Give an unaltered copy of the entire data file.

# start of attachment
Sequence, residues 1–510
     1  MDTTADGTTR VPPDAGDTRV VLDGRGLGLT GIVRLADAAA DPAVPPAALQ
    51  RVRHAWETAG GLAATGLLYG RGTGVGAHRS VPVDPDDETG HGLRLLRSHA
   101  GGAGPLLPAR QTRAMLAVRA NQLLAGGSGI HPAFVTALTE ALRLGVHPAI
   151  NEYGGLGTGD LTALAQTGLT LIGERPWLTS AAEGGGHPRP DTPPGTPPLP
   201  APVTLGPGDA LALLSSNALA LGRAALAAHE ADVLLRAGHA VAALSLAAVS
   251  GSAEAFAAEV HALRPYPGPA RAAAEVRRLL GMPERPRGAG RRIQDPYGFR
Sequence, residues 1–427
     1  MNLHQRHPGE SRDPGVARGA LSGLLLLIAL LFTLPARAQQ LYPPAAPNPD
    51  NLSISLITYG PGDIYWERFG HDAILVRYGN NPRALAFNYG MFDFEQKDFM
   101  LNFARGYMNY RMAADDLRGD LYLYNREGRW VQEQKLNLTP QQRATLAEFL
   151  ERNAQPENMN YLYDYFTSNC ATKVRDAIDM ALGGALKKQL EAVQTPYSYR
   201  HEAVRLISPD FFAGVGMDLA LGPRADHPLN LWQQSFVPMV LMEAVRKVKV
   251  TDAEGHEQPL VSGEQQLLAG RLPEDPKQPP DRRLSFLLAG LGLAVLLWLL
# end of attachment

Sequence, residues 1–510
     1  MDTTADGTTR VPPDAGDTRV VLDGRGLGLT GIVRLADAAA DPAVPPAALQ
    51  RVRHAWETAG GLAATGLLYG RGTGVGAHRS VPVDPDDETG HGLRLLRSHA
   101  GGAGPLLPAR QTRAMLAVRA NQLLAGGSGI HPAFVTALTE ALRLGVHPAI
   151  NEYGGLGTGD LTALAQTGLT LIGERPWLTS AAEGGGHPRP DTPPGTPPLP
   201  APVTLGPGDA LALLSSNALA LGRAALAAHE ADVLLRAGHA VAALSLAAVS
   251  GSAEAFAAEV HALRPYPGPA RAAAEVRRLL GMPERPRGAG RRIQDPYGFR
Sequence, residues 1–427
     1  MNLHQRHPGE SRDPGVARGA LSGLLLLIAL LFTLPARAQQ LYPPAAPNPD
    51  NLSISLITYG PGDIYWERFG HDAILVRYGN NPRALAFNYG MFDFEQKDFM
   101  LNFARGYMNY RMAADDLRGD LYLYNREGRW VQEQKLNLTP QQRATLAEFL
   151  ERNAQPENMN YLYDYFTSNC ATKVRDAIDM ALGGALKKQL EAVQTPYSYR
   201  HEAVRLISPD FFAGVGMDLA LGPRADHPLN LWQQSFVPMV LMEAVRKVKV
   251  TDAEGHEQPL VSGEQQLLAG RLPEDPKQPP DRRLSFLLAG LGLAVLLWLL